Scoring well on the Armed Services Vocational Aptitude Battery Test while in high school, Barbara Greer never thought she'd enjoy a career in aircraft maintenance.

She completed basic training in the Marine Corps, and became the second female to be trained as an aircraft jet engine mechanic at technical training school in Millington, Tenn. 

After serving four years, she worked in civil service at Fort Benning, Ga., working on helicopters, and became the first female aircraft mechanic hired. 

Greer, 53, moved to Robins in 2001, where these days the Ellaville native is the lead C-130 weight and balance technician for the 402nd AMXG.

She's ultimately responsible for ensuring the aircraft is ready to go before functional test on the flight line. It's a job she takes seriously. By the end of fiscal 2015, she will have weighed and balanced 46 aircraft.

She shared the story of when she first joined the Marines at 17, how she had been afraid to speak up about a job. She didn't want to make a mistake, plus the pilot intimidated her.  She learned later something had gone wrong with the aircraft. Although the error wasn't hers, it taught her a valuable lesson. No matter what, she would speak up.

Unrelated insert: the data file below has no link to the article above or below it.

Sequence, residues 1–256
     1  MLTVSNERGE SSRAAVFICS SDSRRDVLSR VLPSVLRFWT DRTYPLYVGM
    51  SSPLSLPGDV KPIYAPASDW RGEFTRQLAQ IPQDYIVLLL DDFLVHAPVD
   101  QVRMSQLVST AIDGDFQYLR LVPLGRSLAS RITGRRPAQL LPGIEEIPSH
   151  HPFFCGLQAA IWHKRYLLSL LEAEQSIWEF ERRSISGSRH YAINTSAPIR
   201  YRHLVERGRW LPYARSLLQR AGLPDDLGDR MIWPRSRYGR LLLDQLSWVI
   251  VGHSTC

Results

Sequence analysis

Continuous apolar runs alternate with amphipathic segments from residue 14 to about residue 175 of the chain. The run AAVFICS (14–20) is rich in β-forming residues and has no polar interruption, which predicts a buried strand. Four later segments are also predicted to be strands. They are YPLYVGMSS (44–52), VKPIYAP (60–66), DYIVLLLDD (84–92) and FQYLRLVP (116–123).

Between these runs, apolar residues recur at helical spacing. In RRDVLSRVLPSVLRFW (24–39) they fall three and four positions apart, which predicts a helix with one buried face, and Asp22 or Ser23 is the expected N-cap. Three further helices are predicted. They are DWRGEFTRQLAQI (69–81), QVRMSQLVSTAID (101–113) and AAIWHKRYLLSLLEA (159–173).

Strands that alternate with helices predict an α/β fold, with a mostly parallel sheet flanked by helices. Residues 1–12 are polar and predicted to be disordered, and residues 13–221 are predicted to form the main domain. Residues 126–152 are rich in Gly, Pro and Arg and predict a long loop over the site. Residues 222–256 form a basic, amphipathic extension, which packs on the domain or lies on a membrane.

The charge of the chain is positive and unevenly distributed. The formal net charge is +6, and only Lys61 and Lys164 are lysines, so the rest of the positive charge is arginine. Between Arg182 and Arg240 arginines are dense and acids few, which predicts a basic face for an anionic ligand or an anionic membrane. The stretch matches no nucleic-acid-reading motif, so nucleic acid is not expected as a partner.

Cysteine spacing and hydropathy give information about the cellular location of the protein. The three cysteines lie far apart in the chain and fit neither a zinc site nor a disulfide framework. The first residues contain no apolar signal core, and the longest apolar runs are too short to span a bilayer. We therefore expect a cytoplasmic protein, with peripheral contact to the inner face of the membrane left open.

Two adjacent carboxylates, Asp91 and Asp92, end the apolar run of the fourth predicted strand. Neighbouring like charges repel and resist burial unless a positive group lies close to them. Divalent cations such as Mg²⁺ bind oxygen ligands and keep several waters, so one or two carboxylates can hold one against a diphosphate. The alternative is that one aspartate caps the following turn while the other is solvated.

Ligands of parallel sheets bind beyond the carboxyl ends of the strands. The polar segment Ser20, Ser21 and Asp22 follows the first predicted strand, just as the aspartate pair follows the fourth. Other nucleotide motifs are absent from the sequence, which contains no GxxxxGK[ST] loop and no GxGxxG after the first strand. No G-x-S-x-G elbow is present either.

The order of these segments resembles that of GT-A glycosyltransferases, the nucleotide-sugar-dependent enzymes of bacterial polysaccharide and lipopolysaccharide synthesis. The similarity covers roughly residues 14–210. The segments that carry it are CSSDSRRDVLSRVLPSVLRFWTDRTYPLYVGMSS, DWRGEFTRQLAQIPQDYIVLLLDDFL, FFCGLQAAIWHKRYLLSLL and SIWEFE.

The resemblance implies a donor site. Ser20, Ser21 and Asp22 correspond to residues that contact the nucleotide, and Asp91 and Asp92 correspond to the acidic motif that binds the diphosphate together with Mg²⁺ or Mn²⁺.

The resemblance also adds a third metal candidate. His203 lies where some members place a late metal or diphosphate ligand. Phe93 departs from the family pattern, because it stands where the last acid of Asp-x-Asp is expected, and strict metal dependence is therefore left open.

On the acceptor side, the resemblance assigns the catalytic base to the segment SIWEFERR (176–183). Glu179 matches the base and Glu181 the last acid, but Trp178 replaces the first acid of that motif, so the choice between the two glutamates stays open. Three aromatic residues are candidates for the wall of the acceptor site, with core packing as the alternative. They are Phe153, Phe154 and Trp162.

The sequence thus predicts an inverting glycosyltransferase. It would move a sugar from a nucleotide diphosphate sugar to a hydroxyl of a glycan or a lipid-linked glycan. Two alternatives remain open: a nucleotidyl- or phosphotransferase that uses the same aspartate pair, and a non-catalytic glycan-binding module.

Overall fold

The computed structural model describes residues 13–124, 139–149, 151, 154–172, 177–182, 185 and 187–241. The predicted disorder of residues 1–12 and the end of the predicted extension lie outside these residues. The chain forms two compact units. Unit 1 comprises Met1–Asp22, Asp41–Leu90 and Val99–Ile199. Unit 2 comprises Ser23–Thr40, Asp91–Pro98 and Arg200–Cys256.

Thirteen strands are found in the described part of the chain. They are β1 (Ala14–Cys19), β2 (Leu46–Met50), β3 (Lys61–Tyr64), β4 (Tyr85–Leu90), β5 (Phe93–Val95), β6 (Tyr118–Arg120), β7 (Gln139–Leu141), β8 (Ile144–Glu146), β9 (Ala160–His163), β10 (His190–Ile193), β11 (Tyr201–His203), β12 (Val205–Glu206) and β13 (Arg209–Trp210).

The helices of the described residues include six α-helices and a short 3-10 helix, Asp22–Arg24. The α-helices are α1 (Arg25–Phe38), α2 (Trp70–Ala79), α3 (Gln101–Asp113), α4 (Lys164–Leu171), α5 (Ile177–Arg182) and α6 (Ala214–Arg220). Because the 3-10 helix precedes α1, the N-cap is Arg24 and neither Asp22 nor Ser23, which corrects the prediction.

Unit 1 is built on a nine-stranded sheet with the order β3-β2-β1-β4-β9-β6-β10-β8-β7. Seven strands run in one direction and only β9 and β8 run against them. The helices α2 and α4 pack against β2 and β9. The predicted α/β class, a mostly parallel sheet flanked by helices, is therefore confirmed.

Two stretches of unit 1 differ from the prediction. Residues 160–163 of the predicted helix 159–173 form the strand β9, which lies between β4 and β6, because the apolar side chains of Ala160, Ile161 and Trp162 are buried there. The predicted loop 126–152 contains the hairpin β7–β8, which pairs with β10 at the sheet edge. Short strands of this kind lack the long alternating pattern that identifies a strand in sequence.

"That happened to me some 40 years ago, and because of that it gave me the confidence to not be afraid anymore," she said. "If I'm not sure that everything is right with an aircraft, I won't give it over to the pilots." 

As part of a weight and balance check, an aircraft's inventory must be checked, a process that takes the most time. Then it's time to jack the aircraft up, in this case one weighing 80,000 pounds.  

Jacks will be placed at three points under the plane, after which it's lifted 2 to 3 inches above the floor. Ensuring an aircraft's center of gravity is correct is crucial.

"We want this plane to be as level as we can get it, especially with our cargo planes since these will load people and equipment. You want the center of gravity to be close to perfect," she said.